I’ve been collecting some of the various worlds and variations for Cepheus Engine, the open-source, OSR version of Traveller.
In the traditional Traveller/Cepheus game the PCs travel through various solar systems like the crew of a old-time tramp steamer – picking up various jobs and having adventures.
Over the years, the rule set has been used for all sorts of different worlds and genres, much like the D20 system has.
These are some of my favorites:
Back in 1978 there was an anthology series founded by Robert Lynn Asprin called Thieves’ World. A number of prominent fantasy authors from time wrote a series of stories set in Sanctuary – a crime-ridden, edge-of empire fantasy city. The stories shared the same location and were encouraged to use each other’s characters in their own stories. It was relatively successful and had many sequels.
In 1982, Chaosium put out an boxed RPG supplement for Sanctuary. It was a lovely physical production, with fold out maps, GMs and player guides. I believe it is currently out of print.
It contained stats for all of the major characters from the books for all of the popular RPGs of the 90s – AD&D, Adventures in Fantasy, Chivalry & Sorcery, DragonQuest, D&D, The Fantasy Trip, RuneQuest, Tunnels & Trolls, and strangely enough – Traveller.
It justified putting Sanctuary in a sci-fi world this by suggesting Sanctuary was on a fringe, low tech planet (it even gets a UPP). The magic in Santuary was either remnants of an ancient technology, or a mysterious local phenomenon unrelated to rest of the universe. Alternately, Sanctuary didn’t actually exist and was just a virtual world that the players could pay to visit.
Judge Dredd (Mongoose Traveller edition)
There have been many versions of the British dystopian comic book. In 2009, Mongoose put out a version of Judge Dredd using the Traveller rules.
In character creation, players only have one career path to choose from – Judge. Rules and stats are given for all of the traditional gadgets, weapons, and vehicles found in the comic.
I’ve had fun running this one, and even created my own fillable character sheet.
This a world by Paul Elliot, published by Zozer games. It’s a space adventure game inspired by 80’s movies like Alien & Outland (I call it the CRT Future aesthetic)
It’s a big 307-page book full of careers (Roughneck, Corporate Agent, Spacer), and it’s full of details of menacing corporations, near-future tech, and possible scenarios.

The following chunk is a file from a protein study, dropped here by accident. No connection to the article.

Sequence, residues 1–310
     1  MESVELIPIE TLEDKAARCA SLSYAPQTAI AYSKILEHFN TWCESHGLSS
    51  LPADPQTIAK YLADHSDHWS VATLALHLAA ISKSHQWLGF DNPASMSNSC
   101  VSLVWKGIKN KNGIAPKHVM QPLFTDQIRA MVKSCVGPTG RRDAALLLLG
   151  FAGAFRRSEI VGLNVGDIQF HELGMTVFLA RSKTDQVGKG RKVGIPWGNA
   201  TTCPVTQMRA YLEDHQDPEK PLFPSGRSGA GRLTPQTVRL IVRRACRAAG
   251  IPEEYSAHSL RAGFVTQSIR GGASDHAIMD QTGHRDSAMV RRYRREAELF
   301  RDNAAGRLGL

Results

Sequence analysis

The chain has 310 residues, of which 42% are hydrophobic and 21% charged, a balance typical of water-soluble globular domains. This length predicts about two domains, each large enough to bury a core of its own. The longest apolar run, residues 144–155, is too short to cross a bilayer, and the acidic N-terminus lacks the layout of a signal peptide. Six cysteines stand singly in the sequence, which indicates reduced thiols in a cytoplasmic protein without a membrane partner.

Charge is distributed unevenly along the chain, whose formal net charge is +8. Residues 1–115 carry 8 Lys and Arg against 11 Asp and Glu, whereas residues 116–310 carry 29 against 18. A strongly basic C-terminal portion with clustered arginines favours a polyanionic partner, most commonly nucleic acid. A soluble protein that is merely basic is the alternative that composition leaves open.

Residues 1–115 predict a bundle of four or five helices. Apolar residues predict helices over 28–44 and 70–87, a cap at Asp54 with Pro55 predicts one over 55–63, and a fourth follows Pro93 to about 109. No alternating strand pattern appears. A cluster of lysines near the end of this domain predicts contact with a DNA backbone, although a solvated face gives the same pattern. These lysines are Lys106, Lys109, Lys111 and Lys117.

The game designer Michael Brown has made a bunch of small games, many inspired by preexisting properties, all using the Cepheus\Traveller rules.
This is a neat little one-page based on the old 1970s sci-fi show – Space 1999. The Moon, along with a human moon base, has been transported though space to an alien sector. PCs play the astronauts exploring their new environment, and encountering weird aliens.
Blades of Tyri
This is a planetary romance game inspired by the old Barsoom novels of Edgar Rice Burroughs and other “Sword and Planet” authors. The players are humans of Earth who have been marooned on a primitive alien world to have swashbuckling adventures.
Wings over the World
I’m fascinated by this one. It’s based on a very specific genre – Things to Come – the movie adaptation of the H.G. Wells short story. It’s about a worldwide aerial police force helping to rebuild a post apocalyptic world.
2 thoughts on “Alternate settings for Traveller”
not sure if this qualifies as “alternate worlds for Traveller” (you could argue these are completely unrelated settings that happen to use the Traveller rules), anyway please consider:
* Mercator (Ancient Rome Traveller) https://gondica.wordpress.com/2013/10/09/mercator-the-roman-traveller-rpg/
* Worlds Apart (This is really very close to Classic Traveller, except your ship is travelling in a large fantasy archipelago instead of among planets) https://www.nobleknight.com/Products/Worlds-Apart-Traveller
Thanks for these. I was familiar with Mercator, but hadn’t seen Worlds Apart before. I just got the free no-art version at https://www.drivethrurpg.com/product/105341/Worlds-Apart–Free-Version